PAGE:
The learning is the process through which the learner acquires new knowledge, skills and understanding. Learning fundamentally involves the creation of new understandings/symbols in the learner’s mind. Hence, students must become aware of, comprehend and actively integrate new or previously unlearned information. It is a continuous, lifelong process that begins at birth and never ends. Learning is distinct from any specific domain, such as science or maths.
If we consider learning systematically, we can identify four pre-requisites. Firstly, there is the need for a trigger—a prompt or situation that confronts the learner with material that he or she has not acquired previously. Secondly, is the need for adequate and sufficient motivation for learning. Thirdly, there is the need for a facilitating structure to support learning. Fourthly, there is the need for feedback for learning. As an example of the first consequence of a deficiency, if the learner is not exposed to a situation or a prompt, there will be no learning. There is no learning because there is no cause. If the learner is not motivated, although there may be some motivation, the motivation and learning will still be adversely affected. If there is no scaffolding and no feedback, learning will also be adversely affected. The last consequence is that, if any one of these four pre-requisites are absent, learning will not occur.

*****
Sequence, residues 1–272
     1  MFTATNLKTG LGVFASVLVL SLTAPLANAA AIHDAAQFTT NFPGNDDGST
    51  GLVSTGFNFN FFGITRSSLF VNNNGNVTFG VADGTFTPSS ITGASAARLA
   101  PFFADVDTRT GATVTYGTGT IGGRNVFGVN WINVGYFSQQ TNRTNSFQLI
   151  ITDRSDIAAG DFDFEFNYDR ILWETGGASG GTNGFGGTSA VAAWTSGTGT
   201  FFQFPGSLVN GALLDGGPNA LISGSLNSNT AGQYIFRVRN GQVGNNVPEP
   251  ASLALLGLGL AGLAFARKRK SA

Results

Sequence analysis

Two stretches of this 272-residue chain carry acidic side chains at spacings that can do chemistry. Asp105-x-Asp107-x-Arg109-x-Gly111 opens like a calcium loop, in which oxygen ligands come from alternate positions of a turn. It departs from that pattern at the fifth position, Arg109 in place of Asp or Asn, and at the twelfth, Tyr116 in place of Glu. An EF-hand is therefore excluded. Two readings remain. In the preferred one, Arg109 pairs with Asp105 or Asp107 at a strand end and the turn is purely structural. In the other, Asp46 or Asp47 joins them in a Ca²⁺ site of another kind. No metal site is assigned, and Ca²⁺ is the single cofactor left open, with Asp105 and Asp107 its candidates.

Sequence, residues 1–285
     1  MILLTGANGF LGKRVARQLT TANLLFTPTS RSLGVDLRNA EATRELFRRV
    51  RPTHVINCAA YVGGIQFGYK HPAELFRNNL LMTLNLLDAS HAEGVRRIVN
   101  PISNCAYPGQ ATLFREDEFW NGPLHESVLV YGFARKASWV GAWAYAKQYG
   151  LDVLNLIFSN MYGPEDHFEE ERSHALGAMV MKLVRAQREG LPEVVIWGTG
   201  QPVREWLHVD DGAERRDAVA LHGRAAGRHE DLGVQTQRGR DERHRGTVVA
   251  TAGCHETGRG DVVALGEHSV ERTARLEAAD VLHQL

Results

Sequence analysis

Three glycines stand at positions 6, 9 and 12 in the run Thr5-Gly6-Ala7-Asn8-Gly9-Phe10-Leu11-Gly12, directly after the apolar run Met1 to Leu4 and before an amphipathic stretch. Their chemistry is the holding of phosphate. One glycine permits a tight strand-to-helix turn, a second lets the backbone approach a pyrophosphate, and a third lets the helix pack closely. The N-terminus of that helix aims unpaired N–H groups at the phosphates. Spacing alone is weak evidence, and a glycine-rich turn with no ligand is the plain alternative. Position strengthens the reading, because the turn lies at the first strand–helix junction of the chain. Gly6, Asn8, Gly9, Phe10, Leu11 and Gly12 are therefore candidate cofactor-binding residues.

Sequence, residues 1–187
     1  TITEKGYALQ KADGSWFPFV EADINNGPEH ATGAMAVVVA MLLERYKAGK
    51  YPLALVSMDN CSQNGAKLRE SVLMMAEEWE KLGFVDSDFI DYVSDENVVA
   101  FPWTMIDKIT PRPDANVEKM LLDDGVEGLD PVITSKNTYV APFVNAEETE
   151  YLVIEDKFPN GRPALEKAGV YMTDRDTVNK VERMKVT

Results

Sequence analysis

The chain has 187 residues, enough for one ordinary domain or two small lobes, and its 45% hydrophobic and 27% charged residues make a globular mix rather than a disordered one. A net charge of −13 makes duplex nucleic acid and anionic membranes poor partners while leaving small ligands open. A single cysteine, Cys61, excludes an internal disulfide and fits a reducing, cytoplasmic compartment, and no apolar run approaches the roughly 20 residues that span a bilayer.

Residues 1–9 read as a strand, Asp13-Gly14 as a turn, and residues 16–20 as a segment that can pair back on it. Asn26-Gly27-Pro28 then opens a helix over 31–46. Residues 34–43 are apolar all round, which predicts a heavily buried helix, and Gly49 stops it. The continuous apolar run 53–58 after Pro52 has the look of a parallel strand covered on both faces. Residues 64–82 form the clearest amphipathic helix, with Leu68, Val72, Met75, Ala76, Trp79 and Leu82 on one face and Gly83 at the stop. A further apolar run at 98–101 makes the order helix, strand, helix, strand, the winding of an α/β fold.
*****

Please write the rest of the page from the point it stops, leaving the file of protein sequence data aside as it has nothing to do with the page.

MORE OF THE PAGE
We also define a bottleneck as something that slows the rate of learning. We have identified four examples of a bottleneck: the time it takes to become a physically competent learner, unless a learning intervention is made; the amount of information retained at once; the problems of trying to learn at one time, rather than breaking the task into chunks; and the acknowledgement of the necessity for continuous feedback d2c66b5586